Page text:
The issue is not just Greece, though that is the most immediate question that may finally precipitate the breakup or the beginning of the end of the euro and even the European Union. The Nobel committee in controversially awarding the EU the peace prize last week spoke correctly of the statesmanship that brought a continent from the disaster of war to reconciliation and democracy.

Why was the award made now rather than last year or five or 10 years ago? Was the Nobel committee warning today's nationalistic European politicians of the dangers of their selfishness? It is certainly annoying for the rest of the world to spend so much time listening to the petty squabbles of Europe. That resentment was also a strong undercurrent at the Tokyo IMF/World Bank meetings. But a breakup of the EU would have dangerous repercussions for the global economy.

Lagarde's plea for time for indebted countries had substantial backing from the IMF's own bureaucrats who discovered what commonsense might have told them — that piling austerity onto budget cuts could be dangerously self defeating, especially when the options of devaluing the currency or increasing exports are not available in a world that is growing more slowly.

IMF economists did six detailed case studies of countries that had heavy debt burdens of more than 100 percent of GDP over the past 80 years and the ways that they tried to tackle the debts. Their conclusions were: "Successful debt reduction requires fiscal consolidation and a policy mix that supports growth. Key elements of this policy mix are measures that address structural weaknesses in the economy and supportive monetary policy. Second, fiscal consolidation must emphasize persistent, structural reforms to public finance over temporary or short-lived fiscal measures. ... Third, reducing public debt takes time, especially in the context of a weak external environment."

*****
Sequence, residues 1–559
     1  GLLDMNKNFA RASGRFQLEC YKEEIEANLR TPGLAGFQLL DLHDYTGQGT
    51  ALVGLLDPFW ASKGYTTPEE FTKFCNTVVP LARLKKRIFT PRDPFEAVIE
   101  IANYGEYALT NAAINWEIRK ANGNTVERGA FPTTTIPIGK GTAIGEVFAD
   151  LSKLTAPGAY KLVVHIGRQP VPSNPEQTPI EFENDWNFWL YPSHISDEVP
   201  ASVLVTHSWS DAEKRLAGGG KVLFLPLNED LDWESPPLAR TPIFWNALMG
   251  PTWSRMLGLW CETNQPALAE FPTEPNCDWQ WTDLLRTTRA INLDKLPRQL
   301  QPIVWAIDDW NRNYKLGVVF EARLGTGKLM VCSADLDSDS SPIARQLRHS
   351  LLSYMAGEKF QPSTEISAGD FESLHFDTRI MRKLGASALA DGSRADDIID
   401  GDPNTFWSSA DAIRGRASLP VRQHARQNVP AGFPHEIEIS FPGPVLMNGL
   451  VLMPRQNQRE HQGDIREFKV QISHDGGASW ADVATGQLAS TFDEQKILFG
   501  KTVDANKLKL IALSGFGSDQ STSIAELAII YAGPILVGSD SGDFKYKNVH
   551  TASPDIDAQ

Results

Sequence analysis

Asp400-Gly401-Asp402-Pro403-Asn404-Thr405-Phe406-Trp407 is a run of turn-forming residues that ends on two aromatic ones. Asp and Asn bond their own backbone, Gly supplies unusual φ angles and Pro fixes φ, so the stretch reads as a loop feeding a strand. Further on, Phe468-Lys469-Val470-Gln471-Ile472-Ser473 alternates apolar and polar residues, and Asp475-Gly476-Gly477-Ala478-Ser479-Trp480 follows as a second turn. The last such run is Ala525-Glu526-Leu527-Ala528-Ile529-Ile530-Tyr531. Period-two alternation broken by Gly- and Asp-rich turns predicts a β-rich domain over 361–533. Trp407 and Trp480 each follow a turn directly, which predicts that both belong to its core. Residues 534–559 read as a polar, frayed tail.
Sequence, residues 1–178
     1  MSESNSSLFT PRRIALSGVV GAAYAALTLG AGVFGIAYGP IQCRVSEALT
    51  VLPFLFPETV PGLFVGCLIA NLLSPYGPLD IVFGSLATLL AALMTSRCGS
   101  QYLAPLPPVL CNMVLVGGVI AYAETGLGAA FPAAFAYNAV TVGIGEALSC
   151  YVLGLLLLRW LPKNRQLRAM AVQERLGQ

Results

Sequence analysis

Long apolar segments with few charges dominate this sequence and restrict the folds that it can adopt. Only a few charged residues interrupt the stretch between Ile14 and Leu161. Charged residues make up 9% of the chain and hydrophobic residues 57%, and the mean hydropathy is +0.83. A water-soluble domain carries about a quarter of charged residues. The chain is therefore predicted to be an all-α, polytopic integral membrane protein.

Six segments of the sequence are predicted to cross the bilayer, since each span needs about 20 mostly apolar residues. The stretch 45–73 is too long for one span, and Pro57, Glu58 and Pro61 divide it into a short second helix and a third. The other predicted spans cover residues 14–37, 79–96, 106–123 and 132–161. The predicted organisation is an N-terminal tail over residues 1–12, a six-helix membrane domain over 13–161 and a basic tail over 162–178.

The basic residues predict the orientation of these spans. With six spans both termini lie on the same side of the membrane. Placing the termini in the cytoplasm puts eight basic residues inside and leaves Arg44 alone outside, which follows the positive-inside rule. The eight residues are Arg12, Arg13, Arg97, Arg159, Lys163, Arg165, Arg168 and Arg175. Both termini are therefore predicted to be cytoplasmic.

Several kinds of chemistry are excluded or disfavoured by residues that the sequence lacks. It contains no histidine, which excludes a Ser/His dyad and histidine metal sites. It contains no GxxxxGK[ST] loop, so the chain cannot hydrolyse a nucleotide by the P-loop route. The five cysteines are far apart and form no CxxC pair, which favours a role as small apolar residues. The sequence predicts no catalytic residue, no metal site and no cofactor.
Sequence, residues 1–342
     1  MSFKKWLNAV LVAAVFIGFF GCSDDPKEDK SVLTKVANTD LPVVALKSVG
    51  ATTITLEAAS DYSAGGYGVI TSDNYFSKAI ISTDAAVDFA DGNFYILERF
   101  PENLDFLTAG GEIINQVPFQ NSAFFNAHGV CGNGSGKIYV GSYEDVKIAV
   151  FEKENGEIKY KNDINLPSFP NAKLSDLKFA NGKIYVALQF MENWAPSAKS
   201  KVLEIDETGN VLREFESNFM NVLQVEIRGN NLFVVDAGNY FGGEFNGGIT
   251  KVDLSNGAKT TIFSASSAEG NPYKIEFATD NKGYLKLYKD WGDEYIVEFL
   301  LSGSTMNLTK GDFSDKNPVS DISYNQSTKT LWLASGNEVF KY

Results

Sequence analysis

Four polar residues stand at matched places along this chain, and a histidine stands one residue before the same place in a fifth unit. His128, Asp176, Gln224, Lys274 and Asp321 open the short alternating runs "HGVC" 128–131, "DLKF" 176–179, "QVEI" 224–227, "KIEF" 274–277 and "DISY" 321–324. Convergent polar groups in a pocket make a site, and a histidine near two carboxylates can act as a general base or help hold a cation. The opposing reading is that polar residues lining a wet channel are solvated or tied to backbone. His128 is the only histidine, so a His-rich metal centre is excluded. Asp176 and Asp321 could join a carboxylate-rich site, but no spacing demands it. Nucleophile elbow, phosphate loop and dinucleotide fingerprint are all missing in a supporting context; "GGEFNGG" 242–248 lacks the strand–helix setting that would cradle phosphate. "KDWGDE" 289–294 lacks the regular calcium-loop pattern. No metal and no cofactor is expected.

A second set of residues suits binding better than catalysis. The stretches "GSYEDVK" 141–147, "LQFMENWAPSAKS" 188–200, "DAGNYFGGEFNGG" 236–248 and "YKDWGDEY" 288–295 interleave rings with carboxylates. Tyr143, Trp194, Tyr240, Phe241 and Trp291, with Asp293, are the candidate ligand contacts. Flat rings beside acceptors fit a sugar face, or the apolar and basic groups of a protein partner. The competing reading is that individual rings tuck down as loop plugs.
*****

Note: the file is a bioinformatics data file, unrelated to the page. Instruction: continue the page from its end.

The IMF's bottom line is that there are no quick fixes, and merely slashing deficits can be dangerously self-defeating. Its analysis was not merely a historical exercise. There are important lessons for today, especially when the global economy is weak. International Labor Organization Director General Guy Ryder pointed out that: "Global unemployment is still more than 30 million higher than before the financial crisis, and nearly 40 million more women and men have stopped looking for work." Particularly ominously, a third of the world's 200 million unemployed people are under 25 years of age.

Two economies today are at risk from the danger of debt spirals. One is Spain, where political pressures from the eurozone are creating the danger of a debt trap. The other instructive example is the United Kingdom, where the coalition government of David Cameron has pursued a policy of spending cuts and tax increases, putting its faith in austerity, which seems increasingly misplaced: it has seen the country suffer double-dip recession, miss its fiscal targets and see national debt grow from 46 percent of GDP to 84 percent since 2008.

Critics of Greece claim that it is a country where tax cheating, corruption and waste of public funds mean that it would be a waste to pour god new money after bad. On the other hand, with years of falling GDP and unemployment growing to 24 percent — and almost 50 percent among the young — cuts, more cuts, and still more cuts are not a remedy. There has to be growth to provide the room for economic maneuver.

But who is listening? The other sad lesson from the Tokyo IMF/World Bank meetings was that they came and went without any positive action. Lagarde called for bold and concerted action by world leaders to prevent the global economic crisis from getting worse. Was she crying in the wilderness, or just out of touch with the reality of modern selfish nationalistic politics?

Kevin Rafferty is editor in chief of Plainwords Media.